A Church of England bishop is urging Christians to visit their local mosque this weekend, saying it is an 'important step' in getting to know neighbours.
Toby Howarth, the bishop of Bradford, backed the annual Visit My Mosque day this Saturday, saying he planned to go to several mosques in Bradford along with other clergy and churchgoers.
'Crossing the threshold of a different place of worship can be an important step in learning about and getting to know our neighbours,' he said. 'I plan to visit mosques in Bradford on 18th February with local clergy and congregation members, and I warmly encourage others to do the same where they are.'
The annual event is run by the Muslim Council of Britain and more than 200 mosques will be open for visitors for the day.
It came as a poll revealed that most Brits know very little about their local Islamic community. Almost 90 per cent had never been inside a mosque and nearly 70 per cent had never been to the place of worship of another faith generally, according to a YouGov poll of 1,629 adults online.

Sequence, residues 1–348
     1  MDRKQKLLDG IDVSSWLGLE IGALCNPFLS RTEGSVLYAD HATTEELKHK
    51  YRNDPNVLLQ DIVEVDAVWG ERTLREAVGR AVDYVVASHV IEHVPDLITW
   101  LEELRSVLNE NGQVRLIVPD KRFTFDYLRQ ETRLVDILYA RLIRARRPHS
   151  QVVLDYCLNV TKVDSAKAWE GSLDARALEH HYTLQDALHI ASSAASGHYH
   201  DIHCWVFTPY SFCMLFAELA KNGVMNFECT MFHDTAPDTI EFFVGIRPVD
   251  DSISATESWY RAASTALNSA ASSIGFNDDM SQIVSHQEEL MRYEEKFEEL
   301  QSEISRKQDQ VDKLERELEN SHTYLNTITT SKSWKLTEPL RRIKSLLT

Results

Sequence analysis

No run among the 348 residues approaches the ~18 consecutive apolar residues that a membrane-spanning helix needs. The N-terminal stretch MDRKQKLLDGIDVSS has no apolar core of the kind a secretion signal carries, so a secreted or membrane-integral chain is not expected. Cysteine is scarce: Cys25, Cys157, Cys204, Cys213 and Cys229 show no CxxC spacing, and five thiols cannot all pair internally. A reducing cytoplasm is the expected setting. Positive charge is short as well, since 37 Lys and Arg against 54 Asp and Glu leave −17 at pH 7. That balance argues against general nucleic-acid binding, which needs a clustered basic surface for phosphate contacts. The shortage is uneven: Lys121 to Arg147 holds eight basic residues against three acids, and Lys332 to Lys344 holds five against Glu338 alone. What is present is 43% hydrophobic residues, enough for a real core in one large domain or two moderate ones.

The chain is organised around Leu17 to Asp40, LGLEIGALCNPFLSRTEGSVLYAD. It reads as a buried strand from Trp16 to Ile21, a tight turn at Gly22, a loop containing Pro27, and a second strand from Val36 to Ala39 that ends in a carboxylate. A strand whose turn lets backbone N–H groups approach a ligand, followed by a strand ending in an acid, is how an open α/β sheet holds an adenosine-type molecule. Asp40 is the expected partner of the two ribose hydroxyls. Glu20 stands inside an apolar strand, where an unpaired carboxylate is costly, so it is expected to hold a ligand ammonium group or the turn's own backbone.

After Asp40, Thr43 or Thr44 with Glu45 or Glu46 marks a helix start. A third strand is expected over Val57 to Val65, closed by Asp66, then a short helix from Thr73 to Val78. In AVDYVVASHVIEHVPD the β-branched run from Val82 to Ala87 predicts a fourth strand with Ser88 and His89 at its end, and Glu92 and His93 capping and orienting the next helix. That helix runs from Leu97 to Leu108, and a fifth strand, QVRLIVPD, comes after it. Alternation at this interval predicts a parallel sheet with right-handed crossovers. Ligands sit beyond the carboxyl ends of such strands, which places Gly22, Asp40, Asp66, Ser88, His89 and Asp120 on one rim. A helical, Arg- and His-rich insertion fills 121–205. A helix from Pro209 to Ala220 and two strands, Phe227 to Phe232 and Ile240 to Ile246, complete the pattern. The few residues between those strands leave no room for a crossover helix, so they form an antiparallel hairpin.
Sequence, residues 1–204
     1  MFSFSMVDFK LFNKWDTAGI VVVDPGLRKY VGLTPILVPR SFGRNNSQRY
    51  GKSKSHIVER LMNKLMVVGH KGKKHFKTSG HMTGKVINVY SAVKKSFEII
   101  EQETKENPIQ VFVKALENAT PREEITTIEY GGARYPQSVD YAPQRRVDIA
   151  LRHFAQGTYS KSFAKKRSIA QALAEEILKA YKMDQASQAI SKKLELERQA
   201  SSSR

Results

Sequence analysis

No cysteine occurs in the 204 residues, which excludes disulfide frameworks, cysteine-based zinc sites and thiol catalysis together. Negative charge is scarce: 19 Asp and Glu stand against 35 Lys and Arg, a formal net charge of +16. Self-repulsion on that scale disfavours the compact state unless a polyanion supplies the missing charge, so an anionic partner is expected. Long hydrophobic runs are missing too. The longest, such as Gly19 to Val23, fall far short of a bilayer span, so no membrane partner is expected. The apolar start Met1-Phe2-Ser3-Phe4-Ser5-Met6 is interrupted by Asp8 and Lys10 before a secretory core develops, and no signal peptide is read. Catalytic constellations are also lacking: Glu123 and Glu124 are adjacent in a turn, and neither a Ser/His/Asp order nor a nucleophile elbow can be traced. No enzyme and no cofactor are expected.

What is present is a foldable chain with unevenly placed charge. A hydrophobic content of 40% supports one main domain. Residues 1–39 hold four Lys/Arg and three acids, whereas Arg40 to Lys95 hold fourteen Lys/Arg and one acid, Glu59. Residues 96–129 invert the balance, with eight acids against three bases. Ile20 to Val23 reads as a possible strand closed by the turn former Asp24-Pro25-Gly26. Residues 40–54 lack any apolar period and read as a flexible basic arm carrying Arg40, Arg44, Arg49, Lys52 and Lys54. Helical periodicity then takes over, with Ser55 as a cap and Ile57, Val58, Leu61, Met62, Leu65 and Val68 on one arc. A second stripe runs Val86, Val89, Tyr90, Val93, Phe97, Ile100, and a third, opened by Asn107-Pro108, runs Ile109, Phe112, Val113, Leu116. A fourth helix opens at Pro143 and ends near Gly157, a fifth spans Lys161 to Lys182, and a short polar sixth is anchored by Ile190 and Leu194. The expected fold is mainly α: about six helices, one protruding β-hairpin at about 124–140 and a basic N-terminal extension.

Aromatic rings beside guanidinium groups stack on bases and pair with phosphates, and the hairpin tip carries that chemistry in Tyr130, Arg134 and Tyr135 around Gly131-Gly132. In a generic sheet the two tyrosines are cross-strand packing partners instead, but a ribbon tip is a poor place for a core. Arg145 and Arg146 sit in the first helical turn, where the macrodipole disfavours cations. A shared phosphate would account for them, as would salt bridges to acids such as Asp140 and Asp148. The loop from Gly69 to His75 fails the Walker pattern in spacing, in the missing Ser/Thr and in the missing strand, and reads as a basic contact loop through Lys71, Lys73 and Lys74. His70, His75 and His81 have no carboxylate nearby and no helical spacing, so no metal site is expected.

'Despite the multi-religious and multi-cultural society we live in, these poll results show that the majority of Britons have not seen what the place of worship of another faith looks like,' said Harun Khan, secretary general of the Muslim Council of Britain.
Now in its third year, Visit My Mosque is expected to be the largest ever open day for mosques after thousands were thought to attend last year's event.
It comes after Darren Osbourne, the Finsbury Park terrorist, was jailed for life for his attack on London last June.
Osbourne will spend at least 43 years for the murder of Makram Ali and the attempted murders of other after he drove a van through a crowd of worshippers leaving Finsbury Park mosque during the Islamic holy month of Ramadan.
'You acted to kill, maim, injure and terrify as many people as you could,' Mrs Justice Cheema-Grubb said sentencing him. 'This was a terrorist attack. You intended to kill.'
This is the first open mosque day since that attack and the MCB said that despite the threats, mosques wanted to remain open for visitors.